My research aims to uncover the evolution and functional implications of diverse phenotypic traits across the plant kingdom. The techniques I use integrate structure, function, and evolution, using both large-scale phylogenetic analyses across thousands of species and small-scale anatomical and physiological analyses narrowing in on key organisms. Some of the questions I ask include: How are diverse traits constructed? How does the structure of these traits relate to their function? How has this variation in evolved? What are the ecological and developmental drivers of structural variation?
The evolution nectaries in non-flowering plants
Plant-animal interactions are fundamental components of biology. Pollination, for instance, leads to proper fruit and seed development and can serve as a driver of species diversification. Underpinning these interactions is a reward for the pollinators—usually, a sugary liquid secreted from a structure called a nectary. Nectaries are common in flowers, but also occur on leaves, where instead of attracting pollinators, they attract insects to secondarily defend against herbivory. Surprisingly, ferns have also evolved nectaries, where they serve a similar functional role. To gain a more holistic view on the origin and evolution of nectaries, it is crucial to focus on non-flowering plants. As part of my current research, I am using anatomical, molecular, and phylogenetic approaches to explore the convergent origins and evolution of nectaries in non-flowering plants.
Ant visiting a nectar-gland of Bracken fern (Pteridium aquilinum).
The evolution and functional implications of vascular patterning
Nearly 425 million years ago land plants evolved novel tissues to move water and sugar more efficiently through their body. These conducting tissues, xylem and phloem, greatly amplified mass flow rates, allowing plants to increase photosynthetic capacity, grow larger, and alter aspects of the terrestrial ecosystem including carbon dioxide modulation and increased oxygenation, in turn, profoundly affecting the course of evolution for life on land. These vascular plants now account for over 90% of Earth’s terrestrial flora and are the foundational components of nearly every ecosystem. Throughout geologic time the evolution of vascular tissues led to a striking display of structural and physiological variation. In this pillar of my research program I explore how these integral vascular tissues evolved over geologic time and function in a whole-plant context.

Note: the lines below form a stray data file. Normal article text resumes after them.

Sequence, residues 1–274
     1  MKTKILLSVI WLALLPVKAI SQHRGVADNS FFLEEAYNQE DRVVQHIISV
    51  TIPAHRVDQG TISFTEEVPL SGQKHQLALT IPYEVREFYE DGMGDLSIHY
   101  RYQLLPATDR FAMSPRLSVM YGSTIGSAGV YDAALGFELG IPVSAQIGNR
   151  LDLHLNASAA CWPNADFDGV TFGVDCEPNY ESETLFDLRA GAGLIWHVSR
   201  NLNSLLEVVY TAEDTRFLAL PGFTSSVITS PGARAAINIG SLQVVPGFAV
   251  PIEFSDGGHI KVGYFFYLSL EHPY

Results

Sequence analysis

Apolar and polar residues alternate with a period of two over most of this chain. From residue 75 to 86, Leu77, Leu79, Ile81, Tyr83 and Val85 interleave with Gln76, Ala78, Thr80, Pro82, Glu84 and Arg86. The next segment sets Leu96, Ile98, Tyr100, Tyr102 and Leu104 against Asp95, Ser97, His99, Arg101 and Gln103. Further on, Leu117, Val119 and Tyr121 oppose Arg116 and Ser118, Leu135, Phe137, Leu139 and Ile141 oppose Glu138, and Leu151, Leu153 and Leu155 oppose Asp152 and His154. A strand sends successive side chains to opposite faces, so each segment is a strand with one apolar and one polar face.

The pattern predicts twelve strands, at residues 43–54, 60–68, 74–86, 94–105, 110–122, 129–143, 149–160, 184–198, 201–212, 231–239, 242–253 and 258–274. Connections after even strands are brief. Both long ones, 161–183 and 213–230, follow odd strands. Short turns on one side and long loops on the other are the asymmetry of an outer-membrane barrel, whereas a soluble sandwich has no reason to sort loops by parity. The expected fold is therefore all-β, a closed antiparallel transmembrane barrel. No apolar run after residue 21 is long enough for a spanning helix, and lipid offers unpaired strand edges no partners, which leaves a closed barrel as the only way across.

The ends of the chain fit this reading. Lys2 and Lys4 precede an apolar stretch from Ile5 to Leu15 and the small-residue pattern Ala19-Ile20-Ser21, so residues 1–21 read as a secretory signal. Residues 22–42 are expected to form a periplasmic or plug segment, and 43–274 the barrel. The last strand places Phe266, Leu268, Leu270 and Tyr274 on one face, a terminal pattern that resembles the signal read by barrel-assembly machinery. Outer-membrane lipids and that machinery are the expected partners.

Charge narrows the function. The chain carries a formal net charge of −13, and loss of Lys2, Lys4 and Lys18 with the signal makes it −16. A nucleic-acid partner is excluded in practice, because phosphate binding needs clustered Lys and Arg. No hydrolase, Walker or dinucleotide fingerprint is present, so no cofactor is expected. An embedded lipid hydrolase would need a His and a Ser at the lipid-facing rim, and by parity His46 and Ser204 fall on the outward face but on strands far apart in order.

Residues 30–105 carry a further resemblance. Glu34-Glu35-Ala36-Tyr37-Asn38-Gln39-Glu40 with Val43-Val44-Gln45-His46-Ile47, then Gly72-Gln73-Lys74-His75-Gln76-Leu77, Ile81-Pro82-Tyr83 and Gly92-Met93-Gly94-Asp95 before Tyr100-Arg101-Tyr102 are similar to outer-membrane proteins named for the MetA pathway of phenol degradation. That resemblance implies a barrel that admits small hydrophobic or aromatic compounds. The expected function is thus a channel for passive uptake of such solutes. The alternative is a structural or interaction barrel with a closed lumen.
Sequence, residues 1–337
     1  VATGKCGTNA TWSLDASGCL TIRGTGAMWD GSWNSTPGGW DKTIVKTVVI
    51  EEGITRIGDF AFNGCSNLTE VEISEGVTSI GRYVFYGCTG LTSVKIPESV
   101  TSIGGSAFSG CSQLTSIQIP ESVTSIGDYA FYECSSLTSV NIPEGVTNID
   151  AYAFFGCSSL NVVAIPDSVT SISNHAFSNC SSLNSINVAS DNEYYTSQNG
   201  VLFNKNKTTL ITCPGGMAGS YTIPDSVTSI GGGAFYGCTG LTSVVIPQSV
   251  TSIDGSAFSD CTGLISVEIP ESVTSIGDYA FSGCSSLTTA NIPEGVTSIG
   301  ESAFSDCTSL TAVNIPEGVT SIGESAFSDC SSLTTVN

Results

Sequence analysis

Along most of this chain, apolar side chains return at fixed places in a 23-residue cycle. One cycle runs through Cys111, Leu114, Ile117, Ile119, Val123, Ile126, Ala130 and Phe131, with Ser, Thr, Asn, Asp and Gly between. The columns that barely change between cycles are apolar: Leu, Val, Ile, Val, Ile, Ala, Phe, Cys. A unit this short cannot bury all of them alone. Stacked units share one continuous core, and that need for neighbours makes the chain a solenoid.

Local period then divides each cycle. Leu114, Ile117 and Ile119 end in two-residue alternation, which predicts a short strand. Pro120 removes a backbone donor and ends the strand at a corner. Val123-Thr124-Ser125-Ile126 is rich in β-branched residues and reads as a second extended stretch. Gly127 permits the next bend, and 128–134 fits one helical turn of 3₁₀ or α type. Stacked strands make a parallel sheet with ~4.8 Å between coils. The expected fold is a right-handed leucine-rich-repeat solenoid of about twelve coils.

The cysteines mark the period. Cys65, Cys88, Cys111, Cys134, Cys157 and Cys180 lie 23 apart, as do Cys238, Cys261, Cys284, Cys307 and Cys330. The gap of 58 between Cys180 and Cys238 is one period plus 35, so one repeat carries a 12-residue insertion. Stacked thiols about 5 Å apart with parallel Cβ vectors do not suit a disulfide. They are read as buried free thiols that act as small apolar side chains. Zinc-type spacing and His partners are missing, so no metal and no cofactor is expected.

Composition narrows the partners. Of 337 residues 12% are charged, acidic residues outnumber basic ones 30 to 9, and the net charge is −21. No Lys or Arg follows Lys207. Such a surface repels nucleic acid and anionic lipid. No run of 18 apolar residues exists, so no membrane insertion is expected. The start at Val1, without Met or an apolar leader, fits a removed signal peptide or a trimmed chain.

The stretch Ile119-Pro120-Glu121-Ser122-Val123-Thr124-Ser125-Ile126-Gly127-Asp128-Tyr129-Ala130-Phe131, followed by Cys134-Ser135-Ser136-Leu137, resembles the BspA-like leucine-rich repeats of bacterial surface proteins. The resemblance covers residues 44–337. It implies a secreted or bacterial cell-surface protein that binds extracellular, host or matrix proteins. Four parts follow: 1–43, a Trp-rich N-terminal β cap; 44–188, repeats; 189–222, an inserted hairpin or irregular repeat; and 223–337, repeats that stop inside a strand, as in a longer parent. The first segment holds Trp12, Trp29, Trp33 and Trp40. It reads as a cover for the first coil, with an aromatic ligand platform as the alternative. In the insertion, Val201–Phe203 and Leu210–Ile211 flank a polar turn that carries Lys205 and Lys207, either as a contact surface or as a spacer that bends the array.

Rhizome cross section of the Hay Scented Fern (Dennstaedtia Punctilobula) showing the primary vasculature. Xylem cells are autoflourescing purple
The evolution of fertile-sterile leaf dimorphism
Propagule dispersal is important for the persistence of species and populations. Across all vascular plants propagules (seeds or spores) are developed on leaves. Within the ferns, the majority of species produce spores on the same leaves which they use for photosynthesis, this is termed monomorphic. However, certain species are dimorphic, meaning they produce partially or completely distinct vegetative and reproductive leaves. This modification reaches an exceptional stage in extant seed plants, where reproductive leaves are utterly distinct from vegetative ones. In almost all cases they are modified to the point of unfamiliarity with their homologous leafy counterparts (i.e., the extremely modified seed-bearing leaf: the carpel). The presence of a gradient between monomorphism and dimorphism within the ferns allows us to explore the developmental, functional, and evolutionary consequences of fertile-sterile leaf dimorphism.
Humidity-driven movement In the leaflets of the Sensitive Fern (Onoclea sensibilis)
Patterns of global fern biodiversity
With over 11,000 species, ferns are one of the most species rich lineages of land plants. They occur all over the world from desert outcrops to alpine peaks. As part of this pillar of my research program I explore where fern species are found, how they have evolved, what drives their diversification.
Hunting for ferns at the Continental Divide, Costa Rica